What we seem to know about heterosexual relationships make us believe that women want to settle down, and men want to sleep around, right? We may want to rethink that.

Two recent studies have determined that evolutionarily speaking, men benefit more from monogamy. By studying a variety of animals, the studies' authors found that while a female is certain that a child she births is her own, a male of the same species does not have that same certainty; from a biological and procreative aspect, it behooves men to be in a monogamous relationship to ensure the continuation of their lineage.

Humans, however, have a different approach to monogamy. Though the common wisdom dictates that humans start a family and have children with a single partner, humans tend not to examine their reproductive options from a conscious, evolutionary perspective. Monogamy, as a social norm, is rigorously policed in most Western cultures, resulting in an ostensive lack of non-monogamous relationships in the public eye, minus a few polygamous couples on TV - these, however, are not presented as a possible norm.

Couples or individuals seeking non-monogamous relationships don't have a lot of role models to work from.

Aside from the ever-present "hook-up culture" so present among young adults, most people still agree that married, monogamous and procreative relationships are on the top of the relationship dog-pile.

Rubin's Charmed Circle

But who does monogamy really benefit? Why do men and women seek out these monogamous relationships?

Yesterday, on The TakeAway, blogger Lamar Tyler and BUST's own Emily Rems (!) discussed the modern benefits of monogamy for both women and men. Tyler began the conversation, saying that as a married man with four children, he feels that he benefits from monogamy both as a man and as a contributing member of society.

Tyler said that “family is the basis of human society,” and that “monogamy allows me to express my love." It's true that non-monogamous relationships would certainly complicate the family structure as we know it today, but I know many non-monogamous couples who are able to express their love to each other very well.

Rems raised the issues of location, gender, and age that factor into an individual's desires to seek out monogamous relationships. She said that for single women in New York City, where women greatly outnumber men, many often feel they benefit from monogamy because of the decrease in competition and added security and companionship that one might lack in a major city. Speaking from personal experience, Rems said she often felt “jealousy” and dealt with “abandonment issues” when she was in non-monogamous relationships and personally feels happier when in monogamous relationship. However, she does point out that many girls grow up with ideas of “fairy tale” relationships and that could certainly factor into the apparent split between why women seek out monogamy versus “hookups”.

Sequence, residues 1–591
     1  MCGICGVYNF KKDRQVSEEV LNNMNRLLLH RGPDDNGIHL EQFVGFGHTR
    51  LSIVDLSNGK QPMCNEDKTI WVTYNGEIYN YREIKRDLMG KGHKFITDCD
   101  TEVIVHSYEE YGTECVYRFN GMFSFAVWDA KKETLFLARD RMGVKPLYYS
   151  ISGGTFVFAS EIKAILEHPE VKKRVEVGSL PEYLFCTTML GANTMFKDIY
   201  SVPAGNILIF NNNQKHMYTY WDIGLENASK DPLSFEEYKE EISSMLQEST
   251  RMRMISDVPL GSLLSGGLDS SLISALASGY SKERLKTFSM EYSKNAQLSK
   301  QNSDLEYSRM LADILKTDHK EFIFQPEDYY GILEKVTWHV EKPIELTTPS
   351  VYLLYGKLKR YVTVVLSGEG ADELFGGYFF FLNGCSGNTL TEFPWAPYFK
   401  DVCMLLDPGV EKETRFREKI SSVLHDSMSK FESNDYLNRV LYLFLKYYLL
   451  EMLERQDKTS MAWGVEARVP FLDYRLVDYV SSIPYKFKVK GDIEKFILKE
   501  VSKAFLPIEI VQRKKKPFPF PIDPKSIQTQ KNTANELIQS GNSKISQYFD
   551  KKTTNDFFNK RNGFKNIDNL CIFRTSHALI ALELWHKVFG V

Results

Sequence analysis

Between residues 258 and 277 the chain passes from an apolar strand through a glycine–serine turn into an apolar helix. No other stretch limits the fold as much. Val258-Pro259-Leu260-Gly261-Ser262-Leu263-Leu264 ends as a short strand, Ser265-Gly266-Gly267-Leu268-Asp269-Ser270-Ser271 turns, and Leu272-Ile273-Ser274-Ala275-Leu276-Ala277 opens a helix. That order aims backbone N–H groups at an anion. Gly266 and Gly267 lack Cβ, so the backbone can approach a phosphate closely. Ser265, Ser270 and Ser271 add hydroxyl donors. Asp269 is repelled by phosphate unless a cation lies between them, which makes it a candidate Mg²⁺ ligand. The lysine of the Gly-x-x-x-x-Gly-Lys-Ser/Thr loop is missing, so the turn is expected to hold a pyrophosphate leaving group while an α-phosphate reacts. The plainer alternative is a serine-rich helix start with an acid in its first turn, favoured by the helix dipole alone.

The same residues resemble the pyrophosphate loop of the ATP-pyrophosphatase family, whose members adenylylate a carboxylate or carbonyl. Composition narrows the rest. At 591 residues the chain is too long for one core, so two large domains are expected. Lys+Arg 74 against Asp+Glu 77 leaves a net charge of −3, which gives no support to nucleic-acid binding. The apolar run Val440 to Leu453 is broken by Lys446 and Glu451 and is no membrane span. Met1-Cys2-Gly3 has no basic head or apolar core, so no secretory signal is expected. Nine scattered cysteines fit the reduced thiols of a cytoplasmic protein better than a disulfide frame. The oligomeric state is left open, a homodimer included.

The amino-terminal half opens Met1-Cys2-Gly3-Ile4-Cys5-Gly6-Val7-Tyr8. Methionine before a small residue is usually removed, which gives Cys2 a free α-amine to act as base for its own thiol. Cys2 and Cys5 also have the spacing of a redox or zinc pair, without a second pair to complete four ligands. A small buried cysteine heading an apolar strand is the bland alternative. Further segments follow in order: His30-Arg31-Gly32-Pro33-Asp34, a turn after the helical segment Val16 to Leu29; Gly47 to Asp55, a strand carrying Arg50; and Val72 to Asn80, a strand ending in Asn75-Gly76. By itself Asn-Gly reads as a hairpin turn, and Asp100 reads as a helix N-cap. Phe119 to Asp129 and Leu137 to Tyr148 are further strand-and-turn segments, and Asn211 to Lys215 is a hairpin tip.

There might be more types of relationships than you thought...

How do you navigate the idea that women are supposed to grow up and get married (presumably to a man, in a monogamous relationship?).  Do you know anyone or have personal experience of dealing with open relationships/other non-monogamous relationships? How do you think heterosexuality versus homosexuality impacts (if at all) a couple’s decision to have an open/closed relationship? Do you have any tips for maintaining and navigating an open relationship? 

Thanks to thetakeaway.org, huffingtonpost.com ,flickr.com, multiplematch.com

Tagged in: relationships, polygomy, monogamy, love   

The opinions expressed on the BUST blog are those of the authors themselves and do not necessarily reflect the position of BUST Magazine or its staff.


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